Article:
Doctors must lead by example on climate change, according to experts in this week's BMJ.
Health professionals were powerful catalysts in changing society's view of smoking from a normal lifestyle choice to that of a harmful addiction, and they must do the same for climate change, writes Professor Mike Gill from the University of Surrey.
AdvertisementThe NHS is the largest public sector contributor to climate change in the UK, responsible for generating over 18 million tonnes of carbon dioxide every year, about 3% of the UK total.
Despite the NHS recently committing to reducing carbon emissions by at least 60% by 2050, it is not enough, argues Gill, immediate and profound changes in behaviour are needed to avoid irreversible climate change.
He believes that a comparable health emergency occurred in the UK in the 1980s with the HIV epidemic. This, he points out, prompted significant action at all levels, including government awareness campaigns, national surveillance of the effects of behaviour, significant funding, and "the acceptance that this was a problem that demanded attention from health professionals".
A similar collective response on climate change is vital, says Gill, this must begin with health professionals showing patients and governments how serious they are about the challenge of climate change.
In a second personal view, Jenny Griffiths and colleagues from the Climate and Health Council and the Health and Sustainability Network, propose ten practical and inexpensive actions for doctors that could, they say, collectively reduce carbon emissions by up to 5 million tonnes a year—the equivalent to the annual carbon emissions of half a million people in the UK.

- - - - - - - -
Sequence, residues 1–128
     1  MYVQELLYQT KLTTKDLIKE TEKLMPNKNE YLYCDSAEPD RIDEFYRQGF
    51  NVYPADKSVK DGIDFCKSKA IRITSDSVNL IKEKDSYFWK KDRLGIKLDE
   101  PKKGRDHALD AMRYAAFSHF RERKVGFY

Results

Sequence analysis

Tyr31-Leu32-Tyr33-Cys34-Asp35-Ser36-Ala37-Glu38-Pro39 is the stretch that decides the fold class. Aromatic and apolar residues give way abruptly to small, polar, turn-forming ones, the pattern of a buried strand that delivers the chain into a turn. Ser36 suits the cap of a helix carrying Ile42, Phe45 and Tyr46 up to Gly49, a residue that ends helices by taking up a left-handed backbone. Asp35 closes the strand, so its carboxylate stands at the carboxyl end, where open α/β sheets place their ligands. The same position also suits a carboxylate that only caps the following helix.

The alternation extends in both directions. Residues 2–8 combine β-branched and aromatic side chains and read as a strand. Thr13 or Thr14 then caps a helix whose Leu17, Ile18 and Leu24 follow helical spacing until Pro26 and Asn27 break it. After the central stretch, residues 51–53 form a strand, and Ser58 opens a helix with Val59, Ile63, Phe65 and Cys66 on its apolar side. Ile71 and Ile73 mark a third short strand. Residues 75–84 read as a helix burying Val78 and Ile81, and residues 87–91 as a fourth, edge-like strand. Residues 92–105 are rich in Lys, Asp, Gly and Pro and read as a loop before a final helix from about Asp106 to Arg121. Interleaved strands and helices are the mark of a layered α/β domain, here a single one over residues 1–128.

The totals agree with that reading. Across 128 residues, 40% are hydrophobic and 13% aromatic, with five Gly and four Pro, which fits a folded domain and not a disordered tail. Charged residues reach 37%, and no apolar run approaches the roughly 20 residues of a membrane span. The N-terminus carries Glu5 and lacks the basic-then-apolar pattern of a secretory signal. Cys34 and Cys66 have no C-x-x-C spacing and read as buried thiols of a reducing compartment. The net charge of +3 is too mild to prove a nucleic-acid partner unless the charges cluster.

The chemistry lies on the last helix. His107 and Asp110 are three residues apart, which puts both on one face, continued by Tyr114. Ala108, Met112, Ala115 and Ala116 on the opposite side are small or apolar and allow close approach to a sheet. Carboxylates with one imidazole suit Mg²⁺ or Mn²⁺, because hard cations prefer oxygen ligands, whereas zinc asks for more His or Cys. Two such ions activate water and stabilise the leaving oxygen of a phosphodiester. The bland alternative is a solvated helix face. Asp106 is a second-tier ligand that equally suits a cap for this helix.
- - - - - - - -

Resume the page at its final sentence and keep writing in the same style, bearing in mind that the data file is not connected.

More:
They suggest for example, advising patients on lower-carbon diets and walking and cycling instead of car travel; health professionals holding meetings by teleconference, videoconference or web-casting and attending fewer international conferences; doctors advocating locally, especially in primary care, to maximise home insulation and uptake of relevant grants; campaigning on an international level for stabilising the population by promoting literacy and female access to birth control; and putting climate change on the agenda of all meetings.
Doctors are still the professionals that the public trust the most and they must use this influence to change people's behaviour to benefit patients' health and reduce carbon emissions, they conclude.